Founded in 1928 in Egypt, the Muslim Brotherhood is one of the world’s oldest, largest and most influential Sunni Islamist groups—and an inspiration for the ideology and actions of a majority of contemporary Islamist movements. In the first decades of its existence, the movement advocated armed struggle (jihad) as a means to impose Islamic law (sharia) at home, while seeking to fight Western colonialism and the State of Israel in the Middle East. Following Gamal Abdel Nasser’s assumption of power in Egypt in 1952, the Brotherhood was formally outlawed and moved into the political opposition, alternatively demonized, repressed or silently tolerated during the decades that followed. Throughout this period, the movement developed a wide network of social and religious charities and programs, expanding its influence across the entire Muslim world, and beyond it. Simultaneously, however, it has gone through key ideological transformations, in particular a de-radicalization embodied in the renunciation of one of the key tenets of its doctrine: violent jihad. This move, however, has prompted deep cleavages within the Brotherhood itself, making it difficult to characterize the Brotherhood as a coherent and homogenous organization. Today, the “Lotus Revolution” and the end of the Mubarak regime have raised fundamental questions about the Brotherhood’s future role in Egypt, and its place in Arab politics writ large.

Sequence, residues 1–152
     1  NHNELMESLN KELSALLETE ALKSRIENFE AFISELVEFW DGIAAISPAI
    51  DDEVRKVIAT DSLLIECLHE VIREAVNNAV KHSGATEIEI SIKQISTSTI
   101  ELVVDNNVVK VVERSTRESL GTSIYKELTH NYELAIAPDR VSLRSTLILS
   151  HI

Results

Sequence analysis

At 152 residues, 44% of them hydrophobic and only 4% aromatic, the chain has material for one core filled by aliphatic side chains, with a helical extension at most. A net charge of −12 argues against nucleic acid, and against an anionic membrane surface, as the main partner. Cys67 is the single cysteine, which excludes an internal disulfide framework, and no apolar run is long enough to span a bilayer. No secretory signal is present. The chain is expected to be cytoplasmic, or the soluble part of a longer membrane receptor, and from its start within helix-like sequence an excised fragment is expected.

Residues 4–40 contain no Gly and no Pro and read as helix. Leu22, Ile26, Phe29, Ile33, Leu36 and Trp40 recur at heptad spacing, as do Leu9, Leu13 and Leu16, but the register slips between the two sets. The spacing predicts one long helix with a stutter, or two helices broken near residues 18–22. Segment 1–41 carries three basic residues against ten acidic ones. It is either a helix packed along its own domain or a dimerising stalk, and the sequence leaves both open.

The “Society of the Muslim Brothers” (Jama‘at al-Ikhwan al-Muslimin) was founded in 1928 by Hassan al-Banna, a young primary school teacher from the city of Isma’iliyya in southern Egypt.1 In its pristine form, the Brotherhood was a religious, youth and educational group which advocated moral reform and a revival of Islam in Egypt and the Middle East, and did so at a time when secular nationalism had gained momentum across the region. Inspired by the thinking of Muslim scholars Muhammad Abdu (1849-1905), Rashid Rida (1865-1935) and Jamal al-Din al-Afghani (1839-1897), al-Banna had become convinced that Muslims had been corrupted by a process of “Westernization” and that secular sentiments were among the first reasons for the decline of Islam. He felt that the weaknesses of the Muslim world could only be cured by a return to the original form of faith, its literal prescriptions, derived from the Koran and the prophetic tradition and applicable to all aspects of life, including the political arena. Islam was for him the only solution to the afflictions which had been plaguing Muslim societies, and the only way toward their regeneration. Al-Banna spelled out the pillars of this revolutionary ideology in his manifesto On Jihad,2 in which he explained how Islam had deserted its roots and become dominated by Western influences, and how social revolution and anti-colonial struggle—against the British occupation in Egypt, the corrupt monarchy, and against Jewish presence in Palestinian lands—were the prerequisites of a genuine Islamic revival.